25 day, every other day, once a week, etc. For different subjects a different
accuracy
testing regimen can be set. Preferably, the accuracy testing regimen is
determined
based on the accumulated experience regarding the glucose estimates for the
specific
subject. For example, accuracy testing can be perforined for a particular
subject every,
say, 10 monitoring loops, for a period of one week, and, depending on the
outcome of
these tests, the physician or the subject can determine whether or not such
accuracy
testing regimen is sufficient. Thus, if the accuracy of the estimated glucose
level is
sufficient, e.g., during the entire week, the accuracy testing rate can be set
to once a
week; if the accuracy of the estimated glucose level is sufficient, during a
part of the


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26
week, the accuracy testing rate can be set to once every such part of the
week; if, on
the other hand the accuracy of the estimated glucose level is insufficient,
after each
such accuracy test, the accuracy testing rate is preferably increased.
The method continues to decision step 47 in which the method decides whether
or not an accuracy criterion is met. The accuracy criterion can be a
sufficiently small
deviation of the estimated from the non-estimated glucose level. Thus, the
method
calculates the deviation of the estimated from the non-estimated glucose level
and
compares the deviation to a predetermined threshold. The threshold can be set
according to the Food and Drug Administration (FDA) criterion. For example,
the
threshold can be set to about 20 % deviation or less.
In the accuracy criterion is satisfied (for example, if the deviation is below
the
threshold), the method can loop back to step 41. If the accuracy criterion is
not
satisfied, the method proceeds to process step 48 in which the subject-
specific
correlation function is updated. Yet, the method can also proceed to step 48
even
witliout executing the accuracy test (step 46).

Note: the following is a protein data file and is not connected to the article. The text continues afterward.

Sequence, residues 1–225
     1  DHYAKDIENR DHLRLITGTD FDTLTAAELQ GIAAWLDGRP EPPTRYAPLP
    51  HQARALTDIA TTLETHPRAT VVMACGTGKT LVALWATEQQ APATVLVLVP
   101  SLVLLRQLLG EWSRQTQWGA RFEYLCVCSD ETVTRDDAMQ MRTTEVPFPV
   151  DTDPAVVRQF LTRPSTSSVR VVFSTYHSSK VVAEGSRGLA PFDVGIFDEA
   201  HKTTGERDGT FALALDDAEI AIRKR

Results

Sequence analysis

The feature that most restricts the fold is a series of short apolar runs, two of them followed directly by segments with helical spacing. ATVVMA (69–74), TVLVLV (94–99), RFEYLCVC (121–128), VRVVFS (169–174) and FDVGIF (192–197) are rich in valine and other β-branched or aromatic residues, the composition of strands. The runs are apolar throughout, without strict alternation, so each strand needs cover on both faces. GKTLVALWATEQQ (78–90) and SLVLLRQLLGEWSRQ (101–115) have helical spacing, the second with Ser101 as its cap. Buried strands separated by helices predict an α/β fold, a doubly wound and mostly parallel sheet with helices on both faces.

The update of the subject-specific correlation function is preferably in
accordance with the principles described above, and is preferably performed
using
elements of system 20 and/or by executing one or more of method steps 10-16.
Any
part of the subject-specific correlation function can be updated.
Specifically, any
variable (i.e., the number and/or type of parameters which are utilized for
constructing
the multi-variable function), coefficient and/or power can be updated.
Reference is now made to Figure 5 which is a schematic illustration of a
monitoring system 50 for monitoring the glucose level of the subject,
according to
various exemplary embodiments of the present invention. System 50 comprises
non-
invasive measuring device 26, and a processing unit 52 which preferably
communicates with device 26, e.g., via communication unit 38, as described
above.
Unit 52 serves for processing the electrical quantity values measured by
device 26 and
for calculating the subject-specific correlation function F(X1, X2, ...),
whicli describes
the glucose history of the subject, and which ca.n be determined, e.g., using
then
flowchart diagram of Figure 1 and/or system 20.
Thus, unit 52 is preferably designed and configured to execute at least a few
of
method steps 42-44 described above. Calculations performed by unit 52 can be


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27
executed by a set of computer instructions for performing the calculations as
described
above.
Unit 52 comprises extractor 34 which extracts the parameters from the time
dependence as further detailed in connection with system 20 hereinabove. Uiut
52
further comprises a glucose estimating apparatus 54 which estimates the
glucose level
of the subject. In various exemplary embodiments of the invention apparatus 54
comprises a correlation function calculator 56 which calculates the subject-
specific
correlation function F(X1, X2, ...) and estimates the glucose level of the
subject based
on the value of F(X1, X2, ...). Thus, apparatus 54 preferably comprises memory
media
62 which store in a readable format the coefficients and powers characterizing
the
subject-specific correlation function. Memory media 62 can store a zero
coefficients
for variables corresponding to parameters which do not contribute to the value